By Adam Stromme
With the landslide election of Jeremy Corbyn to lead the Labour party arising coterminously with self-ascribed Democratic Socialist Bernie Sanders’ rise in the polls over Hillary Clinton, it has become apparent that some important internal shifts are occurring within the organized Left. Owing to the fragmentation of the right-Labour Blairite consensus in Britain and rising distrust of the liberal-elite dominated Democratic establishment in the United States, faith in a third way “politics as usual” approach to the establishment Left appears to be waning. The consequence of persistent attacks upon organized labour and other traditional strongholds of the Left by ostensibly Left-wing parties, a resurgent brand of political anti-establishmentarianism against the previous party leadership has begun to take hold.
What has been occurring all across the political landscape have been attempts to empower government by giving it a strong democratic mandate; thus, leaders of contemporary Left-wing movements aim to restructure the base from which power in government is derived, giving greater voice to union leaders, civil rights groups, and other progressive forces. Such an approach to managing government stands in stark contrast to the ruling consensus of these two parties, Labour and Democratic, over the course of the last twenty years. However, it is well in line with the historical tactics of the Anglo-American Left. Understanding why this grassroots reaction is taking place within the historical parties of the left is therefore essential before we can begin an assessment of the present political climate all across the British and American Left.
During the 1980’s, both the United States and the United Kingdom led the Western world in the euthanasia of the civil rights movement of the 1960’s and the effective dismantling or downsizing of important elements of the welfare state. Despite the intricacies of each historical circumstance, the trend that leads on to the present can be regarded as more or less different elements of the same phenomenon. Whether it is the PATCO strike or the Coal Miners strike that broke the unions, or Thatcher’s appeal to privatization for a “property owning democracy” versus Reagan’s disastrous record amongst vulnerable communities, Margaret Thatcher and Reagan, Thatcherism and Reaganism, were more or less identical ideologies meant to repress labour and scatter the growing civil rights movements.
As a result of the smashing success of Thatcher’s conservatives to these ends, a Conservative government remained in power for the next 18 years despite “strikingly low” poll ratings. This waning support for the Conservatives gave them an altogether monochromatic look as privatization and deregulation, often against the public interest, continued.
In the United States, however, a Democratic President, Bill Clinton, was swept into office following the ineffectual reign of Bush senior. In practice however he differed little in substance from John Major an ocean away; signing into law trade policies that were disastrous for workers, brutally suppressing inter cities crime and poverty via a “tough on crime” approach, and even demonstrating a willingness to compromise on social issues in order to advance what amounted to a comparatively conservative agenda even by American standards.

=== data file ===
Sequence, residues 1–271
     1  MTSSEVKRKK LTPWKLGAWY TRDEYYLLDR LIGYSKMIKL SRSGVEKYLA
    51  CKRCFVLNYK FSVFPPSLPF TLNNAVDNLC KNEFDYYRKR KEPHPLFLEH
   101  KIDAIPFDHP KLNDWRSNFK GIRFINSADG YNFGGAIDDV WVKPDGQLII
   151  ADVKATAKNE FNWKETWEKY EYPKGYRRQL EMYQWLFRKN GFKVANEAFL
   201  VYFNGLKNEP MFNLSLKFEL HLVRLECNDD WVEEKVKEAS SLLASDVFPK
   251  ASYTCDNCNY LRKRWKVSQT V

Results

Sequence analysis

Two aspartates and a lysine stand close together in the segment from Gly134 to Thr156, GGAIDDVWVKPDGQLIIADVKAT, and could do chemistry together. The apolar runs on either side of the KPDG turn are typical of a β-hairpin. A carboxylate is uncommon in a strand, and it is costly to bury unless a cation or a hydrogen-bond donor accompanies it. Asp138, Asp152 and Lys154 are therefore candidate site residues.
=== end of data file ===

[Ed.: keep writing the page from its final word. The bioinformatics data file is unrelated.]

Thus, Clinton and Blair— whose election was seen as a decisive shift in British politics away from the Conservative agenda— largely continued the policies of their predecessors. The crushing and demoralizing impact of the 1980’s left a significant impact upon the base of Labour, both in the United States and Great Britain well after the fact. As a result, the attempts of New Labour and the Clinton-Democrats to hold the mantle of the political Left despite radically reconstituting the base of their support away from traditionally Left-wing demographics now appears to be backfiring. The new leadership is becoming increasingly pressured to account for the disparity between action and rhetoric; leaving many liberal and progressive voters to ask the prescient question:
Who is really “Left”?
With this background we are brought back into contemporary events. Bernie Sanders, himself a veteran of the civil rights movement, is campaigning on a platform of “political revolution” and, at least as regards the financial and organizational constitution of his campaign, this is hardly an overstatement. His style of politics appeals broadly to the civic activism of the 1960’s and the need for consistent political stances are firmly within the American mainstream, despite routine distortion in the mainstream media.
Corbyn hails from a similar vein, with the only difference being that there exists a larger history of organized Left wing agitation within Britain’s Parliamentary system than in the United States. Even as late as the 1980’s, the Trotskyist “Militant” movement was sending waves throughout the British polity for their stubborn resistance to Thatcher’s sweeping reforms. But Corbyn’s policies are far more moderate than those of the Marxist overtures that inspired the Militants; in effect, they amount to little more than a reversal of many of the more disastrous or ineffectual privatizations and a demand for greater resources to be diverted towards British families.
For representing what amounts to a return to classical Left-wing politics (albeit in a more diluted form from their heyday) both Sanders and Corbyn have been vigorously opposed by representatives of the very same parties which have shifted away from their traditional constituencies. Their chief crime? That their mandate has shifted away from those of elite opinion.
Hence the curious irony emerges: for all the allegations of idealism, it is in fact the party, and not the politicians, that have forgotten the old horizons of the political Left.